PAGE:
A recent study warns that sugar-free drinks may not be so good for your teeth after all - here's why.
Sugar free beverages have been widely advertised as a tooth-friendly alternative to sodas and sports drinks, but a recent study suggests that they may not be so benign after all. According to a report from Medical News Today, a group of researchers from the University of Melbourne in Australia have demonstrated that some sugar-free drinks can cause rather serious damage.
The study, carried out by researchers at the Oral Health Cooperative Research Center, or CRC, examined 23 different drinks advertised as sugar-free, including sodas and sports drinks. The pH in many of these beverages was the key indicator that they would lead some dental harm; the acidic additives to compensate for the lost sugar were found to eat right through the tooth’s enamel. The study highlights the importance of considering a number of factors influencing a drink’s effects on oral health, and not just its sugar content.
Sugar has been known to lead to tooth decay for decades, after researchers observed plaque forming from residual sugar on the teeth. Bacteria feast on this plaque, and create acids as a byproduct. This acid breaks down the outer layers of tooth enamel, which can lead to sensitive and even rotting teeth.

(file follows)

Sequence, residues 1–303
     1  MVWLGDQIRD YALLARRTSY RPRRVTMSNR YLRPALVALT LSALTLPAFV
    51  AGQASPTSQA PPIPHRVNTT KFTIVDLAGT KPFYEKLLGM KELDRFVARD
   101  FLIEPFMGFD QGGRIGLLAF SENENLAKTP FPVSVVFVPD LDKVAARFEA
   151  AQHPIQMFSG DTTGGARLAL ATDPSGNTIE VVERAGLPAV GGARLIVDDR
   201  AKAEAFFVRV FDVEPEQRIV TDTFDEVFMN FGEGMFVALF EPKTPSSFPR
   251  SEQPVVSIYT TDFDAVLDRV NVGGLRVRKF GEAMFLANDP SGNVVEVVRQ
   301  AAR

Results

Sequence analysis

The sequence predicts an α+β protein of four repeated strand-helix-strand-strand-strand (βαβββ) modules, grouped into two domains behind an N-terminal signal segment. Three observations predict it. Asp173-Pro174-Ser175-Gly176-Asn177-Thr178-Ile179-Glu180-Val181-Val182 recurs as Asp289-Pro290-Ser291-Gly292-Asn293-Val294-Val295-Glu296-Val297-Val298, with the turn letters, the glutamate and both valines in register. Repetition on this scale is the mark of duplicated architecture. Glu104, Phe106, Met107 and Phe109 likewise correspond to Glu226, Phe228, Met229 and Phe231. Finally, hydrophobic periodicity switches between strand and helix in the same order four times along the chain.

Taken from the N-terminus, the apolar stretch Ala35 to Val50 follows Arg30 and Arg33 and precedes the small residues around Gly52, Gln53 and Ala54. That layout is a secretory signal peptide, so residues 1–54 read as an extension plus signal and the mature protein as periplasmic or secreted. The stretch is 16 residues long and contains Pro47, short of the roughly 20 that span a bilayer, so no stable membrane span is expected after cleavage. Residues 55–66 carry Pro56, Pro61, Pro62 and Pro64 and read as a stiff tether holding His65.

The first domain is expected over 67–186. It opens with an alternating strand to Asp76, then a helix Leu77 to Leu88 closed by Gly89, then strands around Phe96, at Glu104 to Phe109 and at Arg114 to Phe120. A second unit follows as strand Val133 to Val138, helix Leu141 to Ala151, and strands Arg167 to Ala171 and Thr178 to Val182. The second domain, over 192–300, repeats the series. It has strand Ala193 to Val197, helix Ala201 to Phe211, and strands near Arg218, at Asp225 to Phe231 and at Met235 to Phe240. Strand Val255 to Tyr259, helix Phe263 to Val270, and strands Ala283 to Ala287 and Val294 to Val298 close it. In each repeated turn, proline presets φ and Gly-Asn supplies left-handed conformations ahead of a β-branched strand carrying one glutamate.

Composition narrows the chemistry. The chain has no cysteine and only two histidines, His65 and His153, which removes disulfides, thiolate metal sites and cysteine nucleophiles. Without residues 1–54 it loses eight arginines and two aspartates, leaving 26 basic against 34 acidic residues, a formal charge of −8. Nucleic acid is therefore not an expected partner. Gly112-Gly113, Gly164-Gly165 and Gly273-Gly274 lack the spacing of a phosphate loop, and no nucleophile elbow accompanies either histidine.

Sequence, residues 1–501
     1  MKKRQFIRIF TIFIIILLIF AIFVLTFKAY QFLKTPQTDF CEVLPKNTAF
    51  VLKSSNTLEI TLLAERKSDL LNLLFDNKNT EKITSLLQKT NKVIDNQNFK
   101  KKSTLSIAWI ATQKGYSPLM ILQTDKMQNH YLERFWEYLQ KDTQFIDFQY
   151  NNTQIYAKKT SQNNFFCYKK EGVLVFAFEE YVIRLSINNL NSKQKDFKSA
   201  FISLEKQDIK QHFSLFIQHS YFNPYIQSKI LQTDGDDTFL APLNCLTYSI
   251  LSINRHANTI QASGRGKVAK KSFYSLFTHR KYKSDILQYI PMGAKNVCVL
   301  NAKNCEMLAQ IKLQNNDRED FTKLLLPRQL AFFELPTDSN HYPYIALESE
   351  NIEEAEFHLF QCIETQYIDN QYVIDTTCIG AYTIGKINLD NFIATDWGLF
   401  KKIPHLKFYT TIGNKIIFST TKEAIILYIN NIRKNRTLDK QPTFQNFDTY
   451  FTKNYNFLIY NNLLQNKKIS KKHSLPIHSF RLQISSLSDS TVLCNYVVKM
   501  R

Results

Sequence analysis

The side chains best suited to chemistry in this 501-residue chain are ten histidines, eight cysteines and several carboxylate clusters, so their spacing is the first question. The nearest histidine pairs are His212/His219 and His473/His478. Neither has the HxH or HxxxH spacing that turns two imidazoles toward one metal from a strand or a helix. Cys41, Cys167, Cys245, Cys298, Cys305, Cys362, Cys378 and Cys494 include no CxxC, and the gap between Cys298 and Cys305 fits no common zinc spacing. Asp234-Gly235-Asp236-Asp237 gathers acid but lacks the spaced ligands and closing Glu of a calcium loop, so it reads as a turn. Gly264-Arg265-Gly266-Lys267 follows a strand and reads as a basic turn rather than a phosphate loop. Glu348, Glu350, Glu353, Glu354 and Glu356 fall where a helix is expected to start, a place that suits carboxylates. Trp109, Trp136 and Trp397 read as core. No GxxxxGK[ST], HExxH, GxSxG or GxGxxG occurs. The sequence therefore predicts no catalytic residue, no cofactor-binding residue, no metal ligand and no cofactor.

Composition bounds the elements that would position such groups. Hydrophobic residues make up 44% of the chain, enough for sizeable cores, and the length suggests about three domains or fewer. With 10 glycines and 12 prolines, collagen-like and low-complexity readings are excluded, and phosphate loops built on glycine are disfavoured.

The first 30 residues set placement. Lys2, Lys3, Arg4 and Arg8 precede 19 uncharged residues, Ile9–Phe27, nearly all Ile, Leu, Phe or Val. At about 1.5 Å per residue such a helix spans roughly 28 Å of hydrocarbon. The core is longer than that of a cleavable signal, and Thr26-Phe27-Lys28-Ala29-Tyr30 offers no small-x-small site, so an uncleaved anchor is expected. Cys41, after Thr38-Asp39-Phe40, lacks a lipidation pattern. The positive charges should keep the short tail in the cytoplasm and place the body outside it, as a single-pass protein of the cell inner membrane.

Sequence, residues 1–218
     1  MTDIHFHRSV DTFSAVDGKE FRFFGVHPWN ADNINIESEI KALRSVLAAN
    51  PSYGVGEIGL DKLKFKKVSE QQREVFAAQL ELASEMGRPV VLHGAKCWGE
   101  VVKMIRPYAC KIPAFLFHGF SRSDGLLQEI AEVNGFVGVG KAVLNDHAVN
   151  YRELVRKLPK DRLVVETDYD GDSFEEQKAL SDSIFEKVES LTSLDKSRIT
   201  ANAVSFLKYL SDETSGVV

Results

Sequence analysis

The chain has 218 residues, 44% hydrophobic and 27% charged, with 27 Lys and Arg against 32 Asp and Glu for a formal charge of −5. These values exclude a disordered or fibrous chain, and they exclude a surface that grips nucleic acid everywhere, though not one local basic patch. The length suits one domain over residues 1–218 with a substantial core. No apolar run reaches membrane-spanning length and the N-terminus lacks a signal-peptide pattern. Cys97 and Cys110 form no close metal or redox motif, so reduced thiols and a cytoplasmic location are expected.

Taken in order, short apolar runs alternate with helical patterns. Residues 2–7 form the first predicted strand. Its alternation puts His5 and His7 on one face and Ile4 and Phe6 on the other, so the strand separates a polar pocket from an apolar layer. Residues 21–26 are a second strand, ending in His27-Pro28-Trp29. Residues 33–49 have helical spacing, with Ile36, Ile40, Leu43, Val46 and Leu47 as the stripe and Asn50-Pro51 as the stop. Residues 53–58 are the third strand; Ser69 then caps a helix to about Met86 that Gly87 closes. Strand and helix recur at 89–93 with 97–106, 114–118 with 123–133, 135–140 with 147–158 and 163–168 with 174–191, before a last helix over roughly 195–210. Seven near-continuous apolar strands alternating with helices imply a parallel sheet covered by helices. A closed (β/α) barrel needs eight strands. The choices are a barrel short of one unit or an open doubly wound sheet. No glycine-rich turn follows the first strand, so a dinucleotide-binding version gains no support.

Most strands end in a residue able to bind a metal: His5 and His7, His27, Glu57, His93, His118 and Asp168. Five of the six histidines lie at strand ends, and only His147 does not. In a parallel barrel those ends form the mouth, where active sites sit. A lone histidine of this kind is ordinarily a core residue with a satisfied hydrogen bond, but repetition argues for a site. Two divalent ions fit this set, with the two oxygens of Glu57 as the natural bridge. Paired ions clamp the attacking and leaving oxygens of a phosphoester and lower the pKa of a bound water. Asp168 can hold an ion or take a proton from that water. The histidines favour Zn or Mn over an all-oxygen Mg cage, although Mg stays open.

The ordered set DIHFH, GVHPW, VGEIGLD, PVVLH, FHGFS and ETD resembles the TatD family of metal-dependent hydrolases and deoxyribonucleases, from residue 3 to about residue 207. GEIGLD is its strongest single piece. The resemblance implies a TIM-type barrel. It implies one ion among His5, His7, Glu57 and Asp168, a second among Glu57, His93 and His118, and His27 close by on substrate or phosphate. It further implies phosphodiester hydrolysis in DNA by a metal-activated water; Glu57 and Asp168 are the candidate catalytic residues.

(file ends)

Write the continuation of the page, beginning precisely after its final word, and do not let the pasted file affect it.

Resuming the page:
According to professor Eric Reynolds of the Melbourne Dental School, who also serves as the CEO of Oral Health CRC, reducing sugar intake is just one of the steps you can take to cut down on tooth decay; the acidity of your beverage is just as important to consider.
After acids have begun to strip away tooth enamel, the damage can go as far as exposing the soft pulp on the inside of the tooth. Sugar substitutes such as xylitol, sorbitol, and mannitol can be just as harmful as the real deal, Reynolds and his team think.
One of the best ways to address the problem of tooth decay caused by acidic sugar substitutes is to get some saliva flowing to help neutralize the acids. Researchers suggest chewing a piece of (sugar-free, of course) gum top help regulate the pH in your mouth and prevent tooth decay after consuming a sugar-free drink.
A press release from the University of Melbourne outlining the details of the study can be found here.